A day after the Supreme Court asked the Delhi government to consider allowing only locally registered taxis to ply on its roads over mounting air quality concerns, Delhi Environment Minister Gopal Rai on Wednesday said app-based taxis stand banned in the city. However, it remains unclear if the restriction will be implemented immediately or not.
In another important development, the Environment Minister said a plan to induce artificial rain is also on in the national capital.
Even the officials concerned remain unsure if the ban on app-based taxis will be implemented in tune with the odd-even car rationing scheme, news agency PTI reported. The transport department will issue a detailed order on the issue and it will clear things, it added.
The Supreme Court's remarks came in light of taxis registered in other states being hired to carry just one passenger amidst the pollution crisis. "We may also note that there is a large number of app-based taxis in Delhi which have registrations in different states. If we look at the roads, each one is carrying only one passenger. We would like to know whether there is any way of monitoring, especially during this period of time, that only the taxis registered in Delhi are permitted to ply as an additional measure to control the pollution," the apex court order stated.
According to the minister, the ban direction to the transport department was given "in accordance with the Supreme Court's orders".
"The court has said that taxis registered outside Delhi should be banned from entering Delhi. Directions have been issued to the transport department to ban app-based taxis from outside Delhi from entering the city," Gopal Rai was quoted as saying by PTI.
The minister mentioned that the Supreme Court had also said diesel cars with orange stickers should be banned.
"We have asked the transport department to examine how many such vehicles are there. Under the GRAP guidelines, BS-III and BS-IV diesel vehicles are already banned and the transport department has been asked to examine how many BS-VI diesel vehicles are there and if they are banned and (if) odd-even is implemented what will be its impact," Rai said.
"The transport department has been asked to prepare a comprehensive report and we will submit it in the Supreme Court on Friday," he added.
Delhi plans to induce artificial rain, but...
The plan to induce artificial rain through cloud seeding came to life after the government held a meeting with a team from IIT-Kanpur. The scientists explained that cloud seeding can only be attempted when there are clouds or moisture in the atmosphere.
"Experts anticipate that such conditions could develop around November 20-21. We have asked the scientists to prepare a proposal by Thursday that will be submitted to the Supreme Court," the minister said.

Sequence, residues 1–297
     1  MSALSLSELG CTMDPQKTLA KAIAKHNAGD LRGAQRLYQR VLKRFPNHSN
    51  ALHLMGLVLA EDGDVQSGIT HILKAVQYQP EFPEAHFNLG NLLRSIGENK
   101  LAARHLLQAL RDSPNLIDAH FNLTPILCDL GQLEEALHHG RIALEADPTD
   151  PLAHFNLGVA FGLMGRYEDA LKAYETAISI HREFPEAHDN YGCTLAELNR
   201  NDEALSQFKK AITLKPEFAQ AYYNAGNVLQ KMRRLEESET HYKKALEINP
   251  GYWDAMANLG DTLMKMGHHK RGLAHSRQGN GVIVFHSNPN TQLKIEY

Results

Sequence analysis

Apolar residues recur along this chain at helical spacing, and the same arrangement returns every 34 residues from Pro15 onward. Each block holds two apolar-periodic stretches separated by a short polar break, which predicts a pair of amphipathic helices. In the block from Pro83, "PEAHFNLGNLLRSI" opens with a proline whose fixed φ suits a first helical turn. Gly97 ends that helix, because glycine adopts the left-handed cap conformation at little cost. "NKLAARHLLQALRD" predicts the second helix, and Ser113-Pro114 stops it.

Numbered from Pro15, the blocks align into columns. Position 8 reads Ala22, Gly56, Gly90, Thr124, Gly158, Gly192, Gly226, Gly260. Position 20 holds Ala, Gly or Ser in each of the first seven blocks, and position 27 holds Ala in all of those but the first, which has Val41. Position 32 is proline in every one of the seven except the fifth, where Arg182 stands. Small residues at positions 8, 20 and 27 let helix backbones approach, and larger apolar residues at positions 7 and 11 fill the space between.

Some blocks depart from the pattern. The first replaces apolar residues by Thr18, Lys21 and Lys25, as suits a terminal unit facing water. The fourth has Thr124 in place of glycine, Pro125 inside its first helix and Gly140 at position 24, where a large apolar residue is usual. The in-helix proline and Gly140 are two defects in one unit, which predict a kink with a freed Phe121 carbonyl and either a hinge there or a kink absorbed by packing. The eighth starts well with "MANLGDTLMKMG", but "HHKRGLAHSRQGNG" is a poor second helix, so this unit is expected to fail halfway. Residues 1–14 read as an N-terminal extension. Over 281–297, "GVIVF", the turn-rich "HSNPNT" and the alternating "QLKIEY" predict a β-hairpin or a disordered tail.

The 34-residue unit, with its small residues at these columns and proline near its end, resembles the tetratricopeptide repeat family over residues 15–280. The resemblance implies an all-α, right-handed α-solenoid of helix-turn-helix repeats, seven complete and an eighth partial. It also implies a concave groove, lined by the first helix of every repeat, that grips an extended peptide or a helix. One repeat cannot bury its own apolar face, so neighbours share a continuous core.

Cloud seeding involves dispersing substances into the air to encourage condensation, resulting in precipitation. The most common substances used for cloud seeding include silver iodide, potassium iodide and dry ice (solid carbon dioxide). These agents provide the nuclei around which water vapour can condense, ultimately leading to the formation of rain or snow.
This weather modification technique has been utilised in various parts of the world, primarily in regions experiencing water scarcity or drought conditions.
Some of the countries and states that have employed the cloud seeding technology include the US, China, Australia, and the UAE.
However, the effectiveness and environmental impact of cloud seeding remain subjects of ongoing research and discussion.
Odd-even system for cars
The Delhi government on Wednesday said the odd-even car rationing scheme will be implemented in the national capital after the Supreme Court reviews its effectiveness and issues an order.
"The ban will be there on app-based taxis registered outside Delhi only during the period of implementation of odd-even car rationing scheme," said a transport department official.
Delhi's air quality 'severe' again
ir quality in Delhi and its suburbs dropped to the 'severe' category again on Wednesday with smoke from post-harvest paddy straw burning in neighbouring states accounting for over one-third of the air pollution in the national capital.
The city's 24-hour average Air Quality Index (AQI), recorded at 4 pm every day, stood at 426, worsening from 395 on Tuesday.
Several cities across the Indo-Gangetic plains reported hazardous air quality. Neighbouring Ghaziabad (384), Gurugram (385), Noida (405), Greater Noida (478) and Faridabad (425) also reported hazardous air quality.
According to data from the Decision Support System, a numerical model-based framework capable of identifying sources of particulate matter pollution in Delhi, stubble burning in neighbouring states, especially Punjab and Haryana, accounted for 38 per cent of the air pollution in Delhi on Wednesday. It is likely to be 27 per cent on Thursday.
- With PTI inputs